Newark remains an obvious option as an interim home under current management, given that the new Prudential Center opened last fall and the Barclays Center has yet to break ground. While such a rumor about a sale may be circulating among some in the sports world, I can't say I've heard it before.
Thorn responded with homespun aplomb, maintaining October 2010 as the target date for the Brooklyn move, even though 2011 is likely the best-case scenario.
Nets brass have a pattern of overpredicting the arena opening date. Brett Yormark, President & CEO, Nets Sports and Entertainment, last September confidently asserted on WFAN that the arena would be open for the 2009-10 season.
More agnostically, Newsday NBA writer Ken Berger suggested yesterday the move could be "2010 or 2011 or sometime in the future. (Maybe.)"
CR: And Rod, Mike and I were discussing it, what is going on with this arena? I mean, it's been delayed, we haven't heard anything about it. Are the Nets still thinking full force ahead to Brooklyn? Can New Jersey and Newark and the Prudential be in the mix? What's going on for the arena for the Nets here down the road?
RT: We're, y'know, it's full bore ahead. We expect to be in Brooklyn start of the 2010 season, and--
Russo wasn't convinced.
CR: --How about shovels in the ground, Rod, when are we going to see that?
RT: Well, shovels aren't in the ground yet, Chris.
Thorn chuckled a bit, as if recognizing that he couldn't bluff too far.
MF: How about these rumors that someone could buy the team and put it in Newark, we've been hearing those rumblings.
RT: Y'know something, Mike, if that's true, then I don't know anything about it.
Even though the Nets are losing money, I suspect that the promise of the Barclays Center naming rights deal, as well as the Atlantic Yards project as a whole, means the Nets aren't for sale. I also suspect that any rumors out there quickly find their way to Thorn.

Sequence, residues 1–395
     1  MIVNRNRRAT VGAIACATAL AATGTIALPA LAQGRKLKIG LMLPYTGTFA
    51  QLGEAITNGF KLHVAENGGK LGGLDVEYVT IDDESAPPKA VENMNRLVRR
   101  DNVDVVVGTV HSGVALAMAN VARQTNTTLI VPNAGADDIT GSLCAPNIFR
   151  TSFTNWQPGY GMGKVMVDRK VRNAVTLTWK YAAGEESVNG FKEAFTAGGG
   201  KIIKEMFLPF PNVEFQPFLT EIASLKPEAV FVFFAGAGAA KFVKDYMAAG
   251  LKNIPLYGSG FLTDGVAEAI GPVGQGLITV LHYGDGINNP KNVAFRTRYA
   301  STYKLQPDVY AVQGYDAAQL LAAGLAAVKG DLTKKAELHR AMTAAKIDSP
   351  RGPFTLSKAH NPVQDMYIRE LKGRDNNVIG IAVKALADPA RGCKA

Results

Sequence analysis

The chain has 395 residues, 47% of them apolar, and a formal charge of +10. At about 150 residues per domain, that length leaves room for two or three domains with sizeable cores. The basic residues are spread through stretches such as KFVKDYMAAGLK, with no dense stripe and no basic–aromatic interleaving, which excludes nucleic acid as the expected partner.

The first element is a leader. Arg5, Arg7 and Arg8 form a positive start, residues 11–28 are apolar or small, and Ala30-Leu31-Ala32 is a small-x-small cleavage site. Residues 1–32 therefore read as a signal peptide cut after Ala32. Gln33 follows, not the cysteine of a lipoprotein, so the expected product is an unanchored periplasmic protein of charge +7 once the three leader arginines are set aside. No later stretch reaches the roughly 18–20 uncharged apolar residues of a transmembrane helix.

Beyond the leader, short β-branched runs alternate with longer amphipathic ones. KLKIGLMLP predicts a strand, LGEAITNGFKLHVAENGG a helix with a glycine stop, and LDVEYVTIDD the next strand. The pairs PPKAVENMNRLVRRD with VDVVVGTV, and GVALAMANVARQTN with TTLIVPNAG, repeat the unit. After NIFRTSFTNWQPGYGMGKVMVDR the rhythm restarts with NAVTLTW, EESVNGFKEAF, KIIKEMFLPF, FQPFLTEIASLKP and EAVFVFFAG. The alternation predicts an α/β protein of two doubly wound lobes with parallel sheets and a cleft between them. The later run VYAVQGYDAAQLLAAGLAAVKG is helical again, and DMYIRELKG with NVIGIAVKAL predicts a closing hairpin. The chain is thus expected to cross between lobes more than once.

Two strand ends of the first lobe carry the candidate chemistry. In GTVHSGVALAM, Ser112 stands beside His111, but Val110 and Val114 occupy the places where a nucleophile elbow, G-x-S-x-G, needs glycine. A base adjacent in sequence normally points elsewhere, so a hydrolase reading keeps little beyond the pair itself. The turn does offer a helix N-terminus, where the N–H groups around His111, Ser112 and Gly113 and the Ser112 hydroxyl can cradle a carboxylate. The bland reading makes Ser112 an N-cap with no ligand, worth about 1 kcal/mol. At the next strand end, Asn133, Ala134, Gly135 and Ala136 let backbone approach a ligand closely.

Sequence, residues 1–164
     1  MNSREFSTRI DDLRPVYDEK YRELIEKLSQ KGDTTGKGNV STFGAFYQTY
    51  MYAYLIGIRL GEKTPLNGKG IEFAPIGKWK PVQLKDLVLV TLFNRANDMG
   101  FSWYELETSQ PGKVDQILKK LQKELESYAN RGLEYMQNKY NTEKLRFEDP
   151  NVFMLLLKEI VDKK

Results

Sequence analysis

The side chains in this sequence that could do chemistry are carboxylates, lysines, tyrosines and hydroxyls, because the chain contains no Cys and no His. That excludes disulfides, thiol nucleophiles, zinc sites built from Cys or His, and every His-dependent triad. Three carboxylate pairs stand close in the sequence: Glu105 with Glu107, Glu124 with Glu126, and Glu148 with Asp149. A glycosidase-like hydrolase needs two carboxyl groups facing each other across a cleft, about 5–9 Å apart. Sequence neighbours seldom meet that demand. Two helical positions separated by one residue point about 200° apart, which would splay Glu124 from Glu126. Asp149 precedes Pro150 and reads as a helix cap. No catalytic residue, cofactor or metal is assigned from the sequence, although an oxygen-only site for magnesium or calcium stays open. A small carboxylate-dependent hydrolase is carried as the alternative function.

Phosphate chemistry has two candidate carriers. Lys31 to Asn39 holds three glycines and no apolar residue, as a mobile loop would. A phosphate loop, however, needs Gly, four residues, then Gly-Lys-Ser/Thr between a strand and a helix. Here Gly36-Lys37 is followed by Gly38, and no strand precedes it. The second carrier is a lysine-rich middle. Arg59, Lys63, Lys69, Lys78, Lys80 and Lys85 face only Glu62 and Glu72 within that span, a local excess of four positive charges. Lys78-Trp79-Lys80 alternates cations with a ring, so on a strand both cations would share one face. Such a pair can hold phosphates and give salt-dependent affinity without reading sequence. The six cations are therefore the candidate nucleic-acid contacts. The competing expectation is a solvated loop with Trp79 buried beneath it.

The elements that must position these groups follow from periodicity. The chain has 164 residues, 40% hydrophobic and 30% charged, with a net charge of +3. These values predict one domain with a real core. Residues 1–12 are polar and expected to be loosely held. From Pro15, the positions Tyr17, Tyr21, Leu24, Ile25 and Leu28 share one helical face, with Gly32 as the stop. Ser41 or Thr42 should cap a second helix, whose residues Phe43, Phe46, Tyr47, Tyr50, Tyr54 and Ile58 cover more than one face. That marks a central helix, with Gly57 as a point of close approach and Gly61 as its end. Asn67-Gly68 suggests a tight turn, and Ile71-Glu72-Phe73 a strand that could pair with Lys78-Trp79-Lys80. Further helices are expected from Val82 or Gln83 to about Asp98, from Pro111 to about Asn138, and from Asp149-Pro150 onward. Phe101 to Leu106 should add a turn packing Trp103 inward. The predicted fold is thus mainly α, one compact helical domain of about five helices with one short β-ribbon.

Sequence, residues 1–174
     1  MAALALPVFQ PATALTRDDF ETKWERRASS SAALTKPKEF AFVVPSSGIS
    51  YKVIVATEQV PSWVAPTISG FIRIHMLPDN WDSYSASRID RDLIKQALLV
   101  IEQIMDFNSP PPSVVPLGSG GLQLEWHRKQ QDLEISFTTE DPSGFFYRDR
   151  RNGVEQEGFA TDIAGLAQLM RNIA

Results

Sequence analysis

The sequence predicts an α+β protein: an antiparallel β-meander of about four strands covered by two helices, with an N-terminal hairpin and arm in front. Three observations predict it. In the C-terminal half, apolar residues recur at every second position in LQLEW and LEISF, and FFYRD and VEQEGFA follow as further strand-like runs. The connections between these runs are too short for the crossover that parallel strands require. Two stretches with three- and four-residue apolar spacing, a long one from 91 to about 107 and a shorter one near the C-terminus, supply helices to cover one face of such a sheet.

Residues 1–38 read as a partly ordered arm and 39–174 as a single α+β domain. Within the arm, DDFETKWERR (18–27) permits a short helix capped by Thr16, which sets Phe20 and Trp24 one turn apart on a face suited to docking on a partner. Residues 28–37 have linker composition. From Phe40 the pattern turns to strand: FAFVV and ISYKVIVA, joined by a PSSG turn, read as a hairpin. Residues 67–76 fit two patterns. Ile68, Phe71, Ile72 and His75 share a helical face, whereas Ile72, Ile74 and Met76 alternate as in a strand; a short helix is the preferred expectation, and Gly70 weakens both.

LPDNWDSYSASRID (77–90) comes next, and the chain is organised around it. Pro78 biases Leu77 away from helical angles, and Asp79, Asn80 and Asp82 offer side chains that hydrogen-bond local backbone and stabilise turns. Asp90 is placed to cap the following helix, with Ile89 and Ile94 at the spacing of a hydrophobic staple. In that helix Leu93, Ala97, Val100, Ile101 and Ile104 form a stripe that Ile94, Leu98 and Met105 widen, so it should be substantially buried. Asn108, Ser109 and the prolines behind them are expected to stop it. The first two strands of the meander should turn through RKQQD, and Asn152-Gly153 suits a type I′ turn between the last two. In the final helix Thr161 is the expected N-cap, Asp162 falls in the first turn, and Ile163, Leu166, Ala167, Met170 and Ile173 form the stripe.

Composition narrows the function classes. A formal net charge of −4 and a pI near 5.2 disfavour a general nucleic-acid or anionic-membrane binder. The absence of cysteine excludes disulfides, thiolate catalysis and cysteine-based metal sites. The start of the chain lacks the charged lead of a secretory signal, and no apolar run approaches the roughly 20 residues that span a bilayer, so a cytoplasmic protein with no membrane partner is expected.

Meanwhile, as predicted, the Nets page on the Atlantic Yards web site has been updated. The page as of Sunday is above, while the page as of yesterday is below, with Vince Carter up top, replacing the Carter/Kidd/Richard Jefferson/Nenad Krstic panorama, and Jefferson replacing Kidd in the right column. A bit like... checkers.
In the Times today, sports columnist William C. Rhoden cites Nets coach Lawrence Frank's comparison to a failed marriage, and disagrees:
I’m not sure I buy that. Marriage, ideally, is a rain-or-shine, till-death-do-us-part commitment. Professional sports is a different animal: owners move coaches like checkers, coaches run out on teams, players who are in position to do so use their talent as leverage to get rid of an undesirable coach or change undesirable circumstances.
NoLandGrab collects some Kidd links; here's Filip Bondy of the Daily News:
Ratner should be very thankful these days for James Dolan, who has stolen all of the owner's bad thunder. Without the Knicks to kick around, area fans might notice that Ratner's plans for Brooklyn continue to stall, that he has turned his back on Newark and that he has locked himself into a morgue-like location where no self-respecting superstar would ever want to dunk basketballs for long.